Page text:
"Looking at: Jazz, America's Art Form" Video Discussion Series Resumes in Dover October 14
Contact:  Erika Mantz
603-862-1567
UNH Media Relations
September 24, 2007


DURHAM, N.H. – The University of New Hampshire Library and its New Hampshire Library of Traditional Jazz will present the final three episodes in the six-part video and discussion series entitled “Looking at: Jazz, America’s Art Form.” Episode Four, “The Swing Era,” will be shown on Sunday, Oct. 14, at 2 p.m. at the McConnell Center in Dover. The McConnell Center is located at 61 Locust Street next to the Dover Public Library and the event will be held in Meeting Room No. 2. You can park behind the library and use Door Two into the Center.

The final two episodes in the series will also be shown at the McConnell Center. Episode Five, “Jazz Innovators: From Bebop to Cool and More,” will be presented on Sunday, Oct. 28, at 2 p.m. and Episode Six, “Latin and International Jazz,” will be presented on Sunday, Nov. 18, at 2 p.m. All three events are free and open to the public. Light refreshments will be served.

Along with the showing of each award-winning documentary in this series, Paul Verrette, associate professor emeritus of music from UNH, will lead a discussion exploring the cultural and social history of jazz as it developed as an art form in the United States. A native of Dover, Verrette is the Music Department’s liaison with the New Hampshire Library of Traditional Jazz. Also, he continues to perform with regional jazz groups, and writes the program essays for the UNH Traditional Jazz Series.

The UNH library is one of 50 libraries and nonprofit organizations nationwide to participate in the project’s pilot program organized by Re:New Media in partnership with the American Library Association (ALA) and Jazz at Lincoln Center. The project is supported by a major grant from the National Endowment for the Humanities (NEH) and locally by the Seacoast Jazz Society.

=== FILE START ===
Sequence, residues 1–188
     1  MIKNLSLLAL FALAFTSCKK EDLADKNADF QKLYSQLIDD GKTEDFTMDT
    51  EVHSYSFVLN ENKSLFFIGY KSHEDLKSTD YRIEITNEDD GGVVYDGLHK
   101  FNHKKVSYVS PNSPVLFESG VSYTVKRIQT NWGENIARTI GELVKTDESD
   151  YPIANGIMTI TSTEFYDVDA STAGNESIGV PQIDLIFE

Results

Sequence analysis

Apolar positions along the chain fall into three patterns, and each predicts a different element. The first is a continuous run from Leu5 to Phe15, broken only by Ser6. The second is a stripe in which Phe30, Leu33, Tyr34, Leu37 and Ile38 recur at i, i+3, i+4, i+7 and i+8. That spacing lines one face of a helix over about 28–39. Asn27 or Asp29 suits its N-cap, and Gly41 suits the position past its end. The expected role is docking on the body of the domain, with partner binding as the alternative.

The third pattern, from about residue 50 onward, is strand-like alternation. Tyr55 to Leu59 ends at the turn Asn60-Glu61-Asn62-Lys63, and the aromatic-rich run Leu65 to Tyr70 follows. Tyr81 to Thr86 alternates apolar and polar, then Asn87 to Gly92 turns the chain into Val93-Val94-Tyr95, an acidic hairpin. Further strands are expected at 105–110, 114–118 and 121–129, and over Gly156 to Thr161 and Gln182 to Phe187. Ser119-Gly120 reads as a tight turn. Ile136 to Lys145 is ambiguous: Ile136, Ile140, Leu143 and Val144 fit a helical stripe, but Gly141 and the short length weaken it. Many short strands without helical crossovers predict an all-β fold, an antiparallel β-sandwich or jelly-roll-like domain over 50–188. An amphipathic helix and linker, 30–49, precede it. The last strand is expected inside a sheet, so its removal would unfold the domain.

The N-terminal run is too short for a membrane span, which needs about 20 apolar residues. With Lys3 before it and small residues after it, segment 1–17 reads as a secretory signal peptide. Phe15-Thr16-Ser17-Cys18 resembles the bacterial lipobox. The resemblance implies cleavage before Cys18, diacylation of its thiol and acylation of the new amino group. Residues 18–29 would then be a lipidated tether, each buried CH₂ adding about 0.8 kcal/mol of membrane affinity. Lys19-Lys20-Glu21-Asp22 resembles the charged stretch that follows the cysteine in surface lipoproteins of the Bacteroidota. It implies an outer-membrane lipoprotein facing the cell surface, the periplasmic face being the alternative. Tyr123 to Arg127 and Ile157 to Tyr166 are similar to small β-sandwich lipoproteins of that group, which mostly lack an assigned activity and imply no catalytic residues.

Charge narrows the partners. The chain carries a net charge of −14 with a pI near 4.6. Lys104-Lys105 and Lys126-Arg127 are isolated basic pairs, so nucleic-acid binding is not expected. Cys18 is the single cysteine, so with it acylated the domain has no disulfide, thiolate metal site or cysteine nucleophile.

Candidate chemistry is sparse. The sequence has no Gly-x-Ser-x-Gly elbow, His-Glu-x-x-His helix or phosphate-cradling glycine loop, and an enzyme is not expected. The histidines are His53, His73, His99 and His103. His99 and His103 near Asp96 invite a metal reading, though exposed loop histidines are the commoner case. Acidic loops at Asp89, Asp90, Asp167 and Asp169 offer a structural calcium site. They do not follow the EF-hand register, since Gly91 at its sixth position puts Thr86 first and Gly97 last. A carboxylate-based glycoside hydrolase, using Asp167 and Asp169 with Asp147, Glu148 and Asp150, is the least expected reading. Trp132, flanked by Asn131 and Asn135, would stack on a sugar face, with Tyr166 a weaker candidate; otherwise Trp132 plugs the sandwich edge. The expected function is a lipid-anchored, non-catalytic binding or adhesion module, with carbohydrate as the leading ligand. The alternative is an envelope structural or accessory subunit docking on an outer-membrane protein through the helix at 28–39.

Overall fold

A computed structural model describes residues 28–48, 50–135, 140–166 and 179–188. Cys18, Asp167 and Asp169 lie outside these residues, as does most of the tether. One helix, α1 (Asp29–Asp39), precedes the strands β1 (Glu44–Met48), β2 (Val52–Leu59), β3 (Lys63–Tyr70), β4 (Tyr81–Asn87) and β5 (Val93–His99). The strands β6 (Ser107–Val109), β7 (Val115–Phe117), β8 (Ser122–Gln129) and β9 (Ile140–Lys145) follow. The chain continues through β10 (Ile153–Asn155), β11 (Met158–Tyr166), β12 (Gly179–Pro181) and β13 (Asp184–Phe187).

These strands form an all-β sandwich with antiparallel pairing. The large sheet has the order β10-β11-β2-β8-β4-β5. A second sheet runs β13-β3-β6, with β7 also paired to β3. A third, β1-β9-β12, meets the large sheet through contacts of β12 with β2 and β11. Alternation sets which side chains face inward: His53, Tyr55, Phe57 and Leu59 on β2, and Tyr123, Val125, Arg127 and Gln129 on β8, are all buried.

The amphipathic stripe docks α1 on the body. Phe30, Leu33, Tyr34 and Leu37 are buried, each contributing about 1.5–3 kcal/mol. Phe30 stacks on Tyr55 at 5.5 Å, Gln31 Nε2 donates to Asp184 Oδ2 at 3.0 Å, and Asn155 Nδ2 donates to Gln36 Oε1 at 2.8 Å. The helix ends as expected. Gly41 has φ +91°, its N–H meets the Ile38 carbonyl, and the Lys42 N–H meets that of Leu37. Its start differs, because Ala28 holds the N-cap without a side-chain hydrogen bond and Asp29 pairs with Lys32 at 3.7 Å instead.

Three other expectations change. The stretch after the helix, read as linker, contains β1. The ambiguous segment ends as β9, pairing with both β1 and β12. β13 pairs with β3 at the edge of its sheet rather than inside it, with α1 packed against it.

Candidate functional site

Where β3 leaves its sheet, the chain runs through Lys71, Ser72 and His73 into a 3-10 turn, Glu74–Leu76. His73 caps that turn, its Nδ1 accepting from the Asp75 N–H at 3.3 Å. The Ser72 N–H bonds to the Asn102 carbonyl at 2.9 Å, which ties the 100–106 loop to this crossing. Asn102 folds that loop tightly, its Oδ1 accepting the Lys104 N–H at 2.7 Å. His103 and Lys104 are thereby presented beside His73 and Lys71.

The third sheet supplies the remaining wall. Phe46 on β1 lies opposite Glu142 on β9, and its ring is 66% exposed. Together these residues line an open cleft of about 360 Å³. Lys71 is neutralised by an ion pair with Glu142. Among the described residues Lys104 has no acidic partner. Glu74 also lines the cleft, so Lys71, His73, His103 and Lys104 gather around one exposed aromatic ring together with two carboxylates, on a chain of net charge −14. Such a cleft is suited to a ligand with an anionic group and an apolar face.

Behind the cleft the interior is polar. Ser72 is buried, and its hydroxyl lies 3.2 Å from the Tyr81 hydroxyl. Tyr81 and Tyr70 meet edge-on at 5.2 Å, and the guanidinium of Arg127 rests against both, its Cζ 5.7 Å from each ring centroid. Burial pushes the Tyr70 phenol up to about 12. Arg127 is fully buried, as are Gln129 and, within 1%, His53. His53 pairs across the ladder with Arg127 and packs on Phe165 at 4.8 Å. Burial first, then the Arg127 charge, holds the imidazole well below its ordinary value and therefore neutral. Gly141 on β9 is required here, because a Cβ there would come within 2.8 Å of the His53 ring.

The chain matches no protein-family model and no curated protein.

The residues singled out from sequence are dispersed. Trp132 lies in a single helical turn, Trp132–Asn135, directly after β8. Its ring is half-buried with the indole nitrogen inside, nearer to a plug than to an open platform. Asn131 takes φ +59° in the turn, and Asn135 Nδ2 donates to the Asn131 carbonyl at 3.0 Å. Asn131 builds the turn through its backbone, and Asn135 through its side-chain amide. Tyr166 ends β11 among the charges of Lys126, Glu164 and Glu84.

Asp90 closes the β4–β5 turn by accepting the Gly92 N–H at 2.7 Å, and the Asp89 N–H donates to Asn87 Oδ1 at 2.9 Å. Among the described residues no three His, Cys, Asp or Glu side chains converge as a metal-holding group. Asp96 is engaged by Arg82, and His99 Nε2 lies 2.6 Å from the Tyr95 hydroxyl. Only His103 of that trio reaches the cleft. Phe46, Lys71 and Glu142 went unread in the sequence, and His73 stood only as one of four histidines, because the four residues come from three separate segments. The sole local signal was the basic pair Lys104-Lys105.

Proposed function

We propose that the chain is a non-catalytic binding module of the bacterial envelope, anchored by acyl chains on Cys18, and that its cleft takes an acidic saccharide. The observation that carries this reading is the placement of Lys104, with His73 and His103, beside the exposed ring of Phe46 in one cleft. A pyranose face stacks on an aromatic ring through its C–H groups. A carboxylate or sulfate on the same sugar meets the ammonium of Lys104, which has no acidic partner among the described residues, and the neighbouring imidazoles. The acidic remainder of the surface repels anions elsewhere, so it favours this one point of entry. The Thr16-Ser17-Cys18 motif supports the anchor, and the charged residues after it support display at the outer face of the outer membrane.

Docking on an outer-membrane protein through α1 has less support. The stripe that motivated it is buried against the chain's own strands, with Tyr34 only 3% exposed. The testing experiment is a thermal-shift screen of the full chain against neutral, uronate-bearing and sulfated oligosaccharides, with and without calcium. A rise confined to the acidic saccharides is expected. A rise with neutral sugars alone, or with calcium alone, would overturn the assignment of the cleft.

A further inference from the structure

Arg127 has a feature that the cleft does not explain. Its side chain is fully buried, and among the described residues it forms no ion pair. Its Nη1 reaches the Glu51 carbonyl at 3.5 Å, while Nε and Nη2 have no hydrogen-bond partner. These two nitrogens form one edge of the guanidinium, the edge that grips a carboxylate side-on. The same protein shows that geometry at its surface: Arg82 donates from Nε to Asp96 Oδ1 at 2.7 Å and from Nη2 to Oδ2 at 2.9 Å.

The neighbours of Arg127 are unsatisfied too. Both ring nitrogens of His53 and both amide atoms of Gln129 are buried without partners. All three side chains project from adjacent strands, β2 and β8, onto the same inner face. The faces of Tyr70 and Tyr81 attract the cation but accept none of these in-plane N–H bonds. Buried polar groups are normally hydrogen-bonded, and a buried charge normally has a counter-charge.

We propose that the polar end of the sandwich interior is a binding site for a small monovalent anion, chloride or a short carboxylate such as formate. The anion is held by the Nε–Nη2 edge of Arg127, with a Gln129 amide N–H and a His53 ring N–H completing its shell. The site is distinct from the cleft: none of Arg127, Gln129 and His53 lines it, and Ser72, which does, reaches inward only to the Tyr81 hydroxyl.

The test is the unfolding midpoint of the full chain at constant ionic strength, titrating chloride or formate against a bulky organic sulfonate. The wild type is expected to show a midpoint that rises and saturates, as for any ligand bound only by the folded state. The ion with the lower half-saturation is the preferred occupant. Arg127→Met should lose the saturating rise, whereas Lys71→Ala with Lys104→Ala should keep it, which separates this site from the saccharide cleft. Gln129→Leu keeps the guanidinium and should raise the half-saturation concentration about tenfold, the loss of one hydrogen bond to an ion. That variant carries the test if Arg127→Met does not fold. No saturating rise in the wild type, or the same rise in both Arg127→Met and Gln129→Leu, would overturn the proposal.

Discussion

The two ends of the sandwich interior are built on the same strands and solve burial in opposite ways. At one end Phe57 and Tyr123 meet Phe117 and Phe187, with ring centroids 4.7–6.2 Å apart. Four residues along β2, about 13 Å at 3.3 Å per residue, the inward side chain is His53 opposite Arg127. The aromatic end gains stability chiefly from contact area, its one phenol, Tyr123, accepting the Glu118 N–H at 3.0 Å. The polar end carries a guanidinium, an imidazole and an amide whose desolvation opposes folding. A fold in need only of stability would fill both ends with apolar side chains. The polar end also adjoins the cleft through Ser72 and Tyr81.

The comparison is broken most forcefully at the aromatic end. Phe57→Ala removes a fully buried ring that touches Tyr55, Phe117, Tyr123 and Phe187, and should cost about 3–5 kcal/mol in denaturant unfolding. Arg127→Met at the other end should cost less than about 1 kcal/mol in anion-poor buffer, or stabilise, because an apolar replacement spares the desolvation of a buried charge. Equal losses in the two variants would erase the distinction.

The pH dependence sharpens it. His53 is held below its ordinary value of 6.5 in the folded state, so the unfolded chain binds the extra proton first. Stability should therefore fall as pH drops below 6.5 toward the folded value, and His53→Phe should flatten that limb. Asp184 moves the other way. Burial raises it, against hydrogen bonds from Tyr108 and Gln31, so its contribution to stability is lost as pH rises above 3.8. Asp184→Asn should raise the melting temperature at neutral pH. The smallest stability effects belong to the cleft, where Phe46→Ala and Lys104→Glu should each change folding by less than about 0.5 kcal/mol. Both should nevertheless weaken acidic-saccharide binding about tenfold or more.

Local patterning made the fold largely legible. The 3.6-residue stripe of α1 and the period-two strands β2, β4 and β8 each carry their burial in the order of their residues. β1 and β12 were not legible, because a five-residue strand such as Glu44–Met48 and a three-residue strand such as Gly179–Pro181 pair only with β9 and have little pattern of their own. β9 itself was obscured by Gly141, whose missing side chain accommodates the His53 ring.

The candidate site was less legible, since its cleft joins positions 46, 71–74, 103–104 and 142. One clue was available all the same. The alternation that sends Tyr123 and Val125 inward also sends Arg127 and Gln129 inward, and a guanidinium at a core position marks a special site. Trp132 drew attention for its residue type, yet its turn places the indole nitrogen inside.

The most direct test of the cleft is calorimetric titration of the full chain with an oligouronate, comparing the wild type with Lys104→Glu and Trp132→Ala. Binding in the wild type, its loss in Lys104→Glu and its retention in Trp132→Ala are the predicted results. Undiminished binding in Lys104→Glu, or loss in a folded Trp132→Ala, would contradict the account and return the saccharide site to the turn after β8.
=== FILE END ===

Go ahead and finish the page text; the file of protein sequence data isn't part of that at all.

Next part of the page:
“We are delighted to have been chosen as one of the pilot sites for this series on jazz, America’s unique and historically significant art form,” said Bill Ross, professor and head of Special Collections at the UNH Library. “This program allows Seacoast residents to share in the in-depth information provided by the creators of the series and to discuss the selected films with one of the area’s fine jazz scholars. We’re also excited to have to have the newly-renovated McConnell Center host it.”

The New Hampshire Library of Traditional Jazz (NHLTJ) was established in 1978 by Dorothy Prescott, a long-time supporter of traditional jazz music in New England; it was donated to the university upon her death. The library's mission is to preserve the history of and foster the appreciation and future of traditional jazz music as an original American art form. It maintains archives comprising thousands of recordings, hundreds of jazz-related books and periodicals, photographs, videotapes, and archival material that document the New England jazz scene after World War II. It is housed in Dimond Library’s Milne Special Collections and Archives Department. For more information about the NHLTJ please visit: www.izaak.unh.edu/nhltj/

For more information about the presentations at the McConnell Center, contact Bill Ross at (603) 862-0346 or send e-mail to jazz.collections@unh.edu. For additional information about series content, multimedia, filmographies, and essays for each segment of the series, visit: www.nvr.org/lookingatjazz/

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